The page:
PM Morawiecki: Putin’s WWII claims most absurd lie I ever heard about Poland

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During his online Q&A on Facebook, Prime Minister Mateusz Morawiecki was asked about what was the biggest lie he had read concerning Poland in the foreign news.

“I’ve read many absurd things about Poland, but President Putin beat everyone when he said that Poland might be co-responsible for the outbreak of the Second World War,” Morawiecki said in response.

Morawiecki emphasized that the claim is so absurd that it would be hard for him to imagine how Putin believed such a fabrication had any coherent basis in reality.

“I hope we will be able to quickly point out this nonsense and show what the reality in the summer and fall of 1939 really was,” he declared.

At the end of 2019, Russian President Vladimir Putin claimed that the cause of the Second World War was not the Ribbentrop-Molotov pact, but the Munich agreement of 1938. Putin claimed that in September 1939 “the Soviet Union had essentially not taken anything away from Poland.”

Morawiecki admitted that at first he could not believe what he was hearing and only after Putin’s claims were repeated several times, he became certain he “was dealing with an ancient Russian propaganda technique.”


The prime minister stated that Poland’s image abroad has been improving and that under the previous government he had to “grind his teeth” when he read about the “nonsense, misunderstandings, inaccuracies, or ignorance” about Poland in the press.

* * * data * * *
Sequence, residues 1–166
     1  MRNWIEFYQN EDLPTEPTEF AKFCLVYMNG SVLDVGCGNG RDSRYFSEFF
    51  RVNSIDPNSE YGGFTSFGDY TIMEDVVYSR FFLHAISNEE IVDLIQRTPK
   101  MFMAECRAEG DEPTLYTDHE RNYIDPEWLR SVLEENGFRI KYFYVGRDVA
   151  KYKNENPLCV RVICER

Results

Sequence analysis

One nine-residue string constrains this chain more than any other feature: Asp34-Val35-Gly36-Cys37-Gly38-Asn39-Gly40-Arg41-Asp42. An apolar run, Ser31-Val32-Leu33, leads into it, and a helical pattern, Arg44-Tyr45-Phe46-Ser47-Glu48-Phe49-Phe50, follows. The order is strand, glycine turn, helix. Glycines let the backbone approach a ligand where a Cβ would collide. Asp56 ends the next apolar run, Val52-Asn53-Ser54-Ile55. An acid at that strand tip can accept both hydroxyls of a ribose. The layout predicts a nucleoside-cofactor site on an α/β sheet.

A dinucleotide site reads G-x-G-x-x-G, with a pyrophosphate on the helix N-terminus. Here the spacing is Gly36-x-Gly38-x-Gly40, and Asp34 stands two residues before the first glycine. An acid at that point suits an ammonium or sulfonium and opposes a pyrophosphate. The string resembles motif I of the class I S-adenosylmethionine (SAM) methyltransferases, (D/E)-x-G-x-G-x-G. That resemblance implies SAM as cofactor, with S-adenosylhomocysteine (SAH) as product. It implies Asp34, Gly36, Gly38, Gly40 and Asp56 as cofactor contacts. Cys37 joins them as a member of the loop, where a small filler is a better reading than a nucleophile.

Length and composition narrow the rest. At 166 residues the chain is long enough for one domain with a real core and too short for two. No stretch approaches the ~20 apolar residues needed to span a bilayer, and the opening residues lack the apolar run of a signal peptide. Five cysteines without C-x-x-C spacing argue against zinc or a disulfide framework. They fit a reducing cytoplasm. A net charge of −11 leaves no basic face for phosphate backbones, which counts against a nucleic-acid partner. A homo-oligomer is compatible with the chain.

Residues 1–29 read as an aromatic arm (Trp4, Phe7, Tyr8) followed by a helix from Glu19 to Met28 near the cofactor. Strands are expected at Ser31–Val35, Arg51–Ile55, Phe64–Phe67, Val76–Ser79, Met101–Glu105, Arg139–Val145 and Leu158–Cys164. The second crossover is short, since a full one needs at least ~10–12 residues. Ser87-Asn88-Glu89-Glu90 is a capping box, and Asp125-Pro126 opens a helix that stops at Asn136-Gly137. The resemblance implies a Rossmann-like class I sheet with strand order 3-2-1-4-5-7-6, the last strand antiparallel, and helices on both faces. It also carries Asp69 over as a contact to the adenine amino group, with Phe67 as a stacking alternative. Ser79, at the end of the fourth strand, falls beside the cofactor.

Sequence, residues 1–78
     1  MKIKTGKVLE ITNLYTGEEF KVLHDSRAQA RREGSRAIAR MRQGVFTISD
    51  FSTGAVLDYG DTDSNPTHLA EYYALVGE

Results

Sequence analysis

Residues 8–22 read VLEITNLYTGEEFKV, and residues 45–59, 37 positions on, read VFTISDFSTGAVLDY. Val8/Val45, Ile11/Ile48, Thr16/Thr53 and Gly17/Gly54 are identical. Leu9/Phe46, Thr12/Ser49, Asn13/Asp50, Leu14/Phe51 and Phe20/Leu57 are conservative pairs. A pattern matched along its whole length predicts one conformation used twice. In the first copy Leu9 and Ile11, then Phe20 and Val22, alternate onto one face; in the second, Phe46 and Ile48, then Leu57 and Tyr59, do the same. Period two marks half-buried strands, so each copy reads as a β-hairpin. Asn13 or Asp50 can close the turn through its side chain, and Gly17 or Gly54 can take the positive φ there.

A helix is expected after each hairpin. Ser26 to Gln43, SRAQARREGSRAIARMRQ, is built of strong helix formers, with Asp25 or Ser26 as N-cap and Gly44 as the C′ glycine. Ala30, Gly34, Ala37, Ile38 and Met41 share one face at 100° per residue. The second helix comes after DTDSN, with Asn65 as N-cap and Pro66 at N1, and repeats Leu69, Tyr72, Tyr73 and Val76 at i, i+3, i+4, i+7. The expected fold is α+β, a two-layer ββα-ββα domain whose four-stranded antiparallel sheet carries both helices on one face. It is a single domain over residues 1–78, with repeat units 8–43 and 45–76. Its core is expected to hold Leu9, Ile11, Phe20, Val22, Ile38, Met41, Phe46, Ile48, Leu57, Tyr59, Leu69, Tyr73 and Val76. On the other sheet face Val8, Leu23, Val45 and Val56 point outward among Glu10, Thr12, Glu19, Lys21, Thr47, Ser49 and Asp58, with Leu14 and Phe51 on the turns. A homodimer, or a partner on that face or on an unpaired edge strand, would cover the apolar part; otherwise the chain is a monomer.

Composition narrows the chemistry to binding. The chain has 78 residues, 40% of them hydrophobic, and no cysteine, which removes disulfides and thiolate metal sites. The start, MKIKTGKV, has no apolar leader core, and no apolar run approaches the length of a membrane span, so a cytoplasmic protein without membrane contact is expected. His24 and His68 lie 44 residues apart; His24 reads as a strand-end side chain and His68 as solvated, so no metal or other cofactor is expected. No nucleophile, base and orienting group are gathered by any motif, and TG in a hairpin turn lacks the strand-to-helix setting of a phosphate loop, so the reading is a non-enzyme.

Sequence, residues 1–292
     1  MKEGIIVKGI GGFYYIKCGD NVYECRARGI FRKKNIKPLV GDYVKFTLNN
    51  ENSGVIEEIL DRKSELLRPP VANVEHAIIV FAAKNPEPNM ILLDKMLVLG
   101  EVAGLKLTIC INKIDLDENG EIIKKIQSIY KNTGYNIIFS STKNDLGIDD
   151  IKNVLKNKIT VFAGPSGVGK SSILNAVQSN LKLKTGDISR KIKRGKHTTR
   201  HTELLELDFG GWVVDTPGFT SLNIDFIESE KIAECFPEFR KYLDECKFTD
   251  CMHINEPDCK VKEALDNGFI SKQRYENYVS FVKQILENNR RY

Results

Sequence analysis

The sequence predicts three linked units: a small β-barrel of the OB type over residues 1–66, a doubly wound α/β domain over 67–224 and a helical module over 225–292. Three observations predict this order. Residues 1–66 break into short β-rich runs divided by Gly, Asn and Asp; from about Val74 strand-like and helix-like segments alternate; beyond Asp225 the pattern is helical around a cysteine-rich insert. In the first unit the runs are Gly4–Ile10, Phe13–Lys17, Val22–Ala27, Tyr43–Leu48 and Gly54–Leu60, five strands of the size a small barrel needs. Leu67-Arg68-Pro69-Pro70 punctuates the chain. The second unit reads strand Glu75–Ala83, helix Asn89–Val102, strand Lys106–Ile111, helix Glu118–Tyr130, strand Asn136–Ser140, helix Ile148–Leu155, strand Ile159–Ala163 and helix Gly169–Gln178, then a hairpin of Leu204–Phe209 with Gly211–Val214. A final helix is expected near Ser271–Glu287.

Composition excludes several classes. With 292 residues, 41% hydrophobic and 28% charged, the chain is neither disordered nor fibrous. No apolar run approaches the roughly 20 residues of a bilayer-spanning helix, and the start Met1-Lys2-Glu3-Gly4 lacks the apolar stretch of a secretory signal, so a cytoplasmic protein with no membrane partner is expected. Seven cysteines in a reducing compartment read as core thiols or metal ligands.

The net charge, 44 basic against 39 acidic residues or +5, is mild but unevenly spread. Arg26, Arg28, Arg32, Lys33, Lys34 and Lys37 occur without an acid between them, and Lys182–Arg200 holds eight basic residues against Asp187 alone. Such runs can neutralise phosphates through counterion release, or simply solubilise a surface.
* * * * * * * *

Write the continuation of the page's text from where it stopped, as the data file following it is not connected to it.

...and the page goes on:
He underlined that just a few years ago much was being said about supposed Polish death camps or Poland’s participation in the Holocaust, but now, more is being said about the Wołyń massacre [the massacre of Poles by Ukrainians in the Eastern part of pre-war Poland] and German crimes.

“I can see how increasingly more people in Poland and abroad are understanding historic truth, and with that, it is easier to defend Poland’s good name,” the prime minister said.

Morawiecki also later referred to his online discussion in a different Facebook post:

“Our evening live conversation about history sent waves around the world. Many people pointed out not only its content, but also the place where it was held: The Katyń Museum in the Warsaw Citadel, which made a huge impression on me. I encourage you all to see it!”

The Q&A was conducted in the Katyń Museum in Warsaw to mark the occasion of the 80th anniversary of Poles being deported to Siberia by the Soviet Union.

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